Dora lowered her eyes in humility. “I apologize, madam. I run off at the mouth too often. I wish I were more of a compassionate soul like you.”

“I lead by example. Oliver taught me.” She rose from her seat then rubbed Dora’s shoulder to soften her rebuke. She appreciated Dora’s forthright manner, but sometimes, the woman didn’t think before she spoke. She always had to show the younger the error of her ways.

“I’ll make certain to remember,” Dora said in a restrained voice.

“Good.” With a shimmy of her hips, her nightgown fell to the floor. “Help me get dressed, and then you can go see your brother.”

* * *

Sunlight cascaded on Julia, giving her the perfect light to read. She sat under a tree, quite comfortable, even with a slight nip in the air. Brightly colored leaves blanketed the ground, and birds chirped in the tree branches over her head. For the last hour or so, she had pored over the notes and invitations to tea and various social functions from many names she didn’t recognize. Most addressed to her mother and made no mention of her. She should have been insulted, but she guessed it was to be expected. She had never been adept at forming new friendships and had relied on David and Maria for companionship. But now with them both gone from her life, she would have to search elsewhere for company, or turn to Isaiah for companionship.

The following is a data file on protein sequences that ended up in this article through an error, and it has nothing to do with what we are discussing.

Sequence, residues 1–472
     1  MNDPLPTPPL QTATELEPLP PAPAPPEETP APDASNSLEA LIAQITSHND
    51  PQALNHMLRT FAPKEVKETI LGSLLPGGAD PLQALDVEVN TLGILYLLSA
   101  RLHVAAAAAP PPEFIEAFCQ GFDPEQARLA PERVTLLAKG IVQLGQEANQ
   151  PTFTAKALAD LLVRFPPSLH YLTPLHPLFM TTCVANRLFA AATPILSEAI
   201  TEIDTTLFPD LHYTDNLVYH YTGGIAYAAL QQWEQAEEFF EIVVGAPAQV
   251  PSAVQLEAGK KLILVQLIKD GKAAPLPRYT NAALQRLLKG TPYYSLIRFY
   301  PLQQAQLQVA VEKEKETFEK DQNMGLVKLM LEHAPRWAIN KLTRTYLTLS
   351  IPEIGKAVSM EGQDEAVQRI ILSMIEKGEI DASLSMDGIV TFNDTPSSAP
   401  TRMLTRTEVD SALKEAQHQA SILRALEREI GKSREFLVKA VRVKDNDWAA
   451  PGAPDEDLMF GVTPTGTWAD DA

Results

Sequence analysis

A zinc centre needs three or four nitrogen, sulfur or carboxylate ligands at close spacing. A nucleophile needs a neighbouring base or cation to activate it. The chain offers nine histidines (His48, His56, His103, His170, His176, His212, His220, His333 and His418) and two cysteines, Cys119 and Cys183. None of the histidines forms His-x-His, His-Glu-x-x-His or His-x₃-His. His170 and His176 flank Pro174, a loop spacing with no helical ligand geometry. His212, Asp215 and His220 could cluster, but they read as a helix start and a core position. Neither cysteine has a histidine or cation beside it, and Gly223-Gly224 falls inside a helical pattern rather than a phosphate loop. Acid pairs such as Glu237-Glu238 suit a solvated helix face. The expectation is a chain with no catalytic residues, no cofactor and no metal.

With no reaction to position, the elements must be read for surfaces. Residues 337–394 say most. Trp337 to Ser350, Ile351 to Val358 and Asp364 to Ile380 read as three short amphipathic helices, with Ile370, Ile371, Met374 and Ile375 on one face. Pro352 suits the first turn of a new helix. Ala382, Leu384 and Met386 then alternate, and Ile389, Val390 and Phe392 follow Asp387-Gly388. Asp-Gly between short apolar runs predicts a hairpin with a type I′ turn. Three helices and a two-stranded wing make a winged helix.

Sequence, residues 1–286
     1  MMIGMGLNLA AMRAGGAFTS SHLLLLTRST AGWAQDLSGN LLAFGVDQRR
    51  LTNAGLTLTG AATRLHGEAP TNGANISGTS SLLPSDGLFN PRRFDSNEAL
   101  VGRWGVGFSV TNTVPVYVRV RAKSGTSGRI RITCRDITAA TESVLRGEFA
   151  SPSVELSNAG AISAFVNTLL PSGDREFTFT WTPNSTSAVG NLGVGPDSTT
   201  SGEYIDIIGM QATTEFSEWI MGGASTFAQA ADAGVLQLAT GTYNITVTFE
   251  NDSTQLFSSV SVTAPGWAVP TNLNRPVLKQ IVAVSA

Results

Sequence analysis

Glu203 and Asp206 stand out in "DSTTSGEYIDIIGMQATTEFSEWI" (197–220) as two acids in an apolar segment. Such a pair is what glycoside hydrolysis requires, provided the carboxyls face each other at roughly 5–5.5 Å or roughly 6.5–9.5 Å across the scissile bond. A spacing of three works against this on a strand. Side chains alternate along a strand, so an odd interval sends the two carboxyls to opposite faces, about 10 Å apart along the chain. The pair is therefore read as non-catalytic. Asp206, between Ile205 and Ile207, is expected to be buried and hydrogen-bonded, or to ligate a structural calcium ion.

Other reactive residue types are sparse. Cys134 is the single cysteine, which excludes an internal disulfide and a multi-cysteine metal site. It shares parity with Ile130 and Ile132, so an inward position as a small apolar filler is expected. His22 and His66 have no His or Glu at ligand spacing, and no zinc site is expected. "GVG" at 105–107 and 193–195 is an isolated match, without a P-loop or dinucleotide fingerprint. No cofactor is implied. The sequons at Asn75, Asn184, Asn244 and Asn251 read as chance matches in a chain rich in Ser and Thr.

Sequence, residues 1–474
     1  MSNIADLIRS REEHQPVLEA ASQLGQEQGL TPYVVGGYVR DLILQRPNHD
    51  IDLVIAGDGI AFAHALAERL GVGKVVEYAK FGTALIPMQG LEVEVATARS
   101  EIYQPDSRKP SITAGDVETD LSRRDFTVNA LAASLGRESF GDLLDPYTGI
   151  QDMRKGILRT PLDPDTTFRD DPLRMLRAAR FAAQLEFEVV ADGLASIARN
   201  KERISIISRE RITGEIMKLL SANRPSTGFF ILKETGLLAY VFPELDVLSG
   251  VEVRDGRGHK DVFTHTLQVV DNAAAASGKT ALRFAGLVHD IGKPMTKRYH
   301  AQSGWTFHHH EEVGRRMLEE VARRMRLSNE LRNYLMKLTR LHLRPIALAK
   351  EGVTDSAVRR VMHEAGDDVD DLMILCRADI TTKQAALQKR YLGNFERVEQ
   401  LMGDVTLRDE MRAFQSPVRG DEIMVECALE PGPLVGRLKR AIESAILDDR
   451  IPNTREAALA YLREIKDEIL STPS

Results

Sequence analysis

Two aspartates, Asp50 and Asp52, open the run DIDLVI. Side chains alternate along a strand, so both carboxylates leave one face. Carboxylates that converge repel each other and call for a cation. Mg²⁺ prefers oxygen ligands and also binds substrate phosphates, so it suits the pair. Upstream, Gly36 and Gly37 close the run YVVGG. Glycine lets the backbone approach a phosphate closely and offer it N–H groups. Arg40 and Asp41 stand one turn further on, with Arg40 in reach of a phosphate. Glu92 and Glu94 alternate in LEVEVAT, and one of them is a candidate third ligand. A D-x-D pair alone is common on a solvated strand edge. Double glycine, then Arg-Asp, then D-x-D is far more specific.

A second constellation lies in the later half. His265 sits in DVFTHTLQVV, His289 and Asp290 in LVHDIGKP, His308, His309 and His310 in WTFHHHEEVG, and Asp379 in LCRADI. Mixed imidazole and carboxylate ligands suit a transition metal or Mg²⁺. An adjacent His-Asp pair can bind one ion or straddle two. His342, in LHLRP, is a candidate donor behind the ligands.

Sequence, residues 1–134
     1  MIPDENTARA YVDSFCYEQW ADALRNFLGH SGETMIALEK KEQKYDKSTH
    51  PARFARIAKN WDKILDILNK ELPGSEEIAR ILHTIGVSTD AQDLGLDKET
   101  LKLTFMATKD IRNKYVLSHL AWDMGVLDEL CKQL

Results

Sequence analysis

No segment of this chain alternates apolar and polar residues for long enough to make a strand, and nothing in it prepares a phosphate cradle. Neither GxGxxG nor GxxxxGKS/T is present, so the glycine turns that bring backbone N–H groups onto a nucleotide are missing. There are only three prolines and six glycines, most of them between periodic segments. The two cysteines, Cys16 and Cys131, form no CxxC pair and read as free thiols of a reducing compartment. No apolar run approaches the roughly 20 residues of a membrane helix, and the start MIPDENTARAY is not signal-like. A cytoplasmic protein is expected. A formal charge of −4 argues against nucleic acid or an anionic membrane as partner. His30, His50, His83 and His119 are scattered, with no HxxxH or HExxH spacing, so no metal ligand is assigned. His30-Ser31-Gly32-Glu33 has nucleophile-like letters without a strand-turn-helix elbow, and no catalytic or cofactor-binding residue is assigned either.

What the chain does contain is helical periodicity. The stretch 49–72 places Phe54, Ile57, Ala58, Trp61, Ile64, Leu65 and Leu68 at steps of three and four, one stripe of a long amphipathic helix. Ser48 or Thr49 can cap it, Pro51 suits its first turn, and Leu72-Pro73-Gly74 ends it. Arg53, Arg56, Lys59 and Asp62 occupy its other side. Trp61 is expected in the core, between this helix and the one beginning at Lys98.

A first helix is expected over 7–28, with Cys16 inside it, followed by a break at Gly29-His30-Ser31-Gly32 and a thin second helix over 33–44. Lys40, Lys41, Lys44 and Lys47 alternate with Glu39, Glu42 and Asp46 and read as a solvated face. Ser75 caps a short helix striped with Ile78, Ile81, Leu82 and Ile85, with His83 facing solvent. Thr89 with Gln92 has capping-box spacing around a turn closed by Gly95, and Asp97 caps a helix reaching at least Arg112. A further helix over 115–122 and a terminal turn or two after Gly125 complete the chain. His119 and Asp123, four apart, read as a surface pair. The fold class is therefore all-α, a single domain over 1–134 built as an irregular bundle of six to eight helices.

She sighed in regret at the idea her only friend left in the world was Isaiah.

“I’m so lonely.” She stared at an invitation written in bold, yet feminine handwriting. The words blurred on the page, and she swiped at her eyes. Enough with the tears. Crying made her head throb and her face red and splotchy. She cleared her throat and scanned the paper on her lap. Her eyes widened as she absorbed the information on the invitation from the countess Guetall for her holiday party at the de Fleurre estate the first Saturday of December, which happened to be in less than ten days.

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